Europe is suffering from its worst heat wave in decades. Politicians will soon retreat to their holiday homes and have some thoughts about the merits of air conditioning and climate change. Many political issues remain unsolved across the globe and investors are mostly unsure of what to do as the two main markets are sending seemingly very different messages.
That has been the conundrum facing many hedge funds and other investors, as they try to work out whether to listen to a doom-mongering bond market or too upbeat stocks.
The 10-year Treasury yield has plunged from 2.69% to below 2 per cent, its lowest level since late 2016, as expectations grow of interest rate cuts to combat a sharp economic slowdown or recession. Such a move is more common in times of full-blown crisis. The German Bund trades at its lowest historical yield of minus (!) 0.30/year which means for every EUR 1000 you invest you lose EUR 30 per year. Still, markets also expect the ECB to support yields lower still.
Intuitively, you would argue, it makes no sense to buy a long-dated bond with a negative yield. Still, pension funds and insurance companies must by law buy bonds with long maturities even at low yields. In 2017, Austria issued a 100-year bond yielding 2.1%. As yields have fallen further to 1.2% the Austrian bond’s price has appreciated a whopping 60% in less than 2 years. This is the main driver for investors still buying long-dated bonds even at low or negative rates. At such low and negative rates, we are clearly in crisis mode.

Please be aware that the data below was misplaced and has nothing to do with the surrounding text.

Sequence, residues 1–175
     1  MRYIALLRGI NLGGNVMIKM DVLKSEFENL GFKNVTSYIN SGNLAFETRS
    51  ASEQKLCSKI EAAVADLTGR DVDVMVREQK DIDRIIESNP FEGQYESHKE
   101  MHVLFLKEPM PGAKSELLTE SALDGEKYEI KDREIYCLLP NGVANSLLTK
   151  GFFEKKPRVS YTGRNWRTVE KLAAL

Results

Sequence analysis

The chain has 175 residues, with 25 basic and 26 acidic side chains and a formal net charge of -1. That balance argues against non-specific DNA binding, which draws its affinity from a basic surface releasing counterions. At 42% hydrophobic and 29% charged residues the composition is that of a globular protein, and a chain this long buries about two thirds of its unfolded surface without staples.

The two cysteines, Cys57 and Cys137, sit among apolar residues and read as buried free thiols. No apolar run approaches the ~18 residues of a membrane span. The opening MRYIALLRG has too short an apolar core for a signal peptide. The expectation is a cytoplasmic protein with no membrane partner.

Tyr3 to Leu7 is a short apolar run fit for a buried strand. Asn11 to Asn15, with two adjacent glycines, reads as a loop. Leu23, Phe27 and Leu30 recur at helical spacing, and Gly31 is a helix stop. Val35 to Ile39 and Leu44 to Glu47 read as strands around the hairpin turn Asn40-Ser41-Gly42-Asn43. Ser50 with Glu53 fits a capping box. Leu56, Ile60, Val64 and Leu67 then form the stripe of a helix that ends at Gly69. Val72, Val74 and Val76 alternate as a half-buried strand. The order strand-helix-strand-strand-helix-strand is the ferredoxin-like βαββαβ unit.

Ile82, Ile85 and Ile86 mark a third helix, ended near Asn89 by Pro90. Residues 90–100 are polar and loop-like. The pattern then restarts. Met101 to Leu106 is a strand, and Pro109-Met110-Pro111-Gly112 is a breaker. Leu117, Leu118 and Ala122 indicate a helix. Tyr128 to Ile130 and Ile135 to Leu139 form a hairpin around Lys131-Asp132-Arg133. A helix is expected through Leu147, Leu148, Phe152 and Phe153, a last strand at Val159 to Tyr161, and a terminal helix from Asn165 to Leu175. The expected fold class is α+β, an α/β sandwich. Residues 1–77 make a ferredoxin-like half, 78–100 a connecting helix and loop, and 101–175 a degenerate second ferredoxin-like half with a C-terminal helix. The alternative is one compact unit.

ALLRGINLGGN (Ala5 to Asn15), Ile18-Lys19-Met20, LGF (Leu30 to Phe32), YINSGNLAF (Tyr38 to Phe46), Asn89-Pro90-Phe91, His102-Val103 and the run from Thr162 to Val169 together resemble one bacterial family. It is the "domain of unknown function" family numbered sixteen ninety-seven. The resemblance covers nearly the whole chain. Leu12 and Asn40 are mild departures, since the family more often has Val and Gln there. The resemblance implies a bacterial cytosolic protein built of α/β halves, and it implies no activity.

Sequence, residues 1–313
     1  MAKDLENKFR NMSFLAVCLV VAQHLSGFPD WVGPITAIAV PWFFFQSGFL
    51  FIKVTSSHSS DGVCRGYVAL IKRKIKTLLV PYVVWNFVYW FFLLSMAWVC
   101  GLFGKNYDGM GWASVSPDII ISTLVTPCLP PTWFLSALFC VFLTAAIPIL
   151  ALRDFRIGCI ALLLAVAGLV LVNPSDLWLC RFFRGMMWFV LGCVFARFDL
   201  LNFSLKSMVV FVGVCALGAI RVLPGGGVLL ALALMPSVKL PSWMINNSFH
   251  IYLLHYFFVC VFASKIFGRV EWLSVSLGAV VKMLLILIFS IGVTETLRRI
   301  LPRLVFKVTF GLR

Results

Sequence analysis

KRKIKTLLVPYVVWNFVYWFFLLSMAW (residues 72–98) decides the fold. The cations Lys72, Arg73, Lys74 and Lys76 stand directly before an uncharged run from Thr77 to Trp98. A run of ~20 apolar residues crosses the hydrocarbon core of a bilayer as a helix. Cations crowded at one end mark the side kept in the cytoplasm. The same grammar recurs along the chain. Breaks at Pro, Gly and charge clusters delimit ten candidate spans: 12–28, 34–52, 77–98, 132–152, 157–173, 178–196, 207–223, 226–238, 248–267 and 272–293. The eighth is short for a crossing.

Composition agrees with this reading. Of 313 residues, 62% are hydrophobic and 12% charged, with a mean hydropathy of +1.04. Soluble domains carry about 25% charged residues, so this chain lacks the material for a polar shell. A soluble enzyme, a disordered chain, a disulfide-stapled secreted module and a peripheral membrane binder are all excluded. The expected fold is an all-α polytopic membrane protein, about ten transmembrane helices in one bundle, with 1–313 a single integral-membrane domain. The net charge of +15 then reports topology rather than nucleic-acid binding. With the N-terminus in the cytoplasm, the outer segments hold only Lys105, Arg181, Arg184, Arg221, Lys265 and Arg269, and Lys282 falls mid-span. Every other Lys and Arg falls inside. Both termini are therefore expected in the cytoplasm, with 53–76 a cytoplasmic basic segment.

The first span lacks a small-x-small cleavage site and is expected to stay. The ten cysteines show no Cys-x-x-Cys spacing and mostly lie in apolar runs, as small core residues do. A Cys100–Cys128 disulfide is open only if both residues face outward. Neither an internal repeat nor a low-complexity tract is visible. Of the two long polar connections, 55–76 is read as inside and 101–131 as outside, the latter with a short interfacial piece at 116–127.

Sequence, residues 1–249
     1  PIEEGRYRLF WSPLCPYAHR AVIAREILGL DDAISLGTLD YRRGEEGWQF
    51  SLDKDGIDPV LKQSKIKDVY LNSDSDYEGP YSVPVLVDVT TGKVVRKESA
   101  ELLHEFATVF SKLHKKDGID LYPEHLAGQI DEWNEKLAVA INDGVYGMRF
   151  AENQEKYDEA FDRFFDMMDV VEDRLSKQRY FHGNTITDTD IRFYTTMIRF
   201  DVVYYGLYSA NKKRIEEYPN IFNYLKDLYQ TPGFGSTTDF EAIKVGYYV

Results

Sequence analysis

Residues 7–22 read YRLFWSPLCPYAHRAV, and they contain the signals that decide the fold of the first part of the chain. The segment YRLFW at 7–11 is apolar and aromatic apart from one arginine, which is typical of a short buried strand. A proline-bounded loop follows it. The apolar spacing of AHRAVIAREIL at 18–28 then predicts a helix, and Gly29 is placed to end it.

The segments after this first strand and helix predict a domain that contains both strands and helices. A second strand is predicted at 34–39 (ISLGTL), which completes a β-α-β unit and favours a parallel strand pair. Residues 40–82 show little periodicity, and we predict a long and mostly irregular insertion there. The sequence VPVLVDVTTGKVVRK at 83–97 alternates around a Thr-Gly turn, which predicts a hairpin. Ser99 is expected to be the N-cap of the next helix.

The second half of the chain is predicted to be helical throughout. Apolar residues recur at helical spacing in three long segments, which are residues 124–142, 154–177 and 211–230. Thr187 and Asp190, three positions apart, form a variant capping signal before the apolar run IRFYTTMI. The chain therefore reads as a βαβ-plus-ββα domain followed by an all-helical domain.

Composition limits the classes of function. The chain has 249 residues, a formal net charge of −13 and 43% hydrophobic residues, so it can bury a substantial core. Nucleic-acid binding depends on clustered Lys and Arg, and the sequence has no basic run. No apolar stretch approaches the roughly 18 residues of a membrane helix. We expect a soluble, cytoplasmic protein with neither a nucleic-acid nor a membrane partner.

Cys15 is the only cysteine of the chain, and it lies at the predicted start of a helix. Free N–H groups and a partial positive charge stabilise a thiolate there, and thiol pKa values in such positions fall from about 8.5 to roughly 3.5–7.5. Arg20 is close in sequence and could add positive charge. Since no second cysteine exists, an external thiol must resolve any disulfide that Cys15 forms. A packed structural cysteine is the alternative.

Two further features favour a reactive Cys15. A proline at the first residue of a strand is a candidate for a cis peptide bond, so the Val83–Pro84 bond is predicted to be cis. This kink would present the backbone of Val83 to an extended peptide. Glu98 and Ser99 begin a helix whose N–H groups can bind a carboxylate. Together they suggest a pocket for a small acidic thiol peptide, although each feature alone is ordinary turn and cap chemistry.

Stocks, however, tell a different tale. The S&P 500 index hit a new record high last week and is now on course for its best half-year since 2010. The ugly pullback of late 2018 and a mini sell-off last month are now distant memories. Interestingly, much cash is sitting on the sidelines waiting for opportunities. The private equity industry has amassed a war-chest of some USD 2.5 trillion ready to be deployed when the right deal appears. Brace for some Merger and Acquisitions activity.
The two markets are of course taking the same cues. Both have heeded dovish noises from the US Federal Reserve and European Central Bank, which have led to hopes of further stimulus.
The question is why that stimulus is needed. If it is a response to a technical failure to hit inflation targets, that is one thing. If, however, it reflects central banks’ anticipation of deep economic malaise, risky bets on stocks make little sense. That leaves investors caught between the benefits of low borrowing costs for companies and the headwind of a potential economic slowdown.
And that confusion comes before you add in the fallout from the US-China trade war.
With both markets at such extremes and apparently telling different stories, then, positioning is not straightforward. What should investors do?
Remember that markets never show a clear and distinct direction. Still, the best solution is to remember your investment strategy that you set out to pursue. Remember to stick to it no matter what the daily movements of the markets or central bankers or politicians may say at any one moment. And review it in long intervals, i.e. once a year.
We have recommended to stay out of the bond markets for the past few years as dividend stocks offer higher returns and a chance for some upside. The stock markets always offer opportunities and sometimes we must dig harder to uncover them.
As the summer heat is not likely to dissipate, take a break and give your strategy some thought. We are always ready to be your sounding board.
Switzerland, July 1st, 2019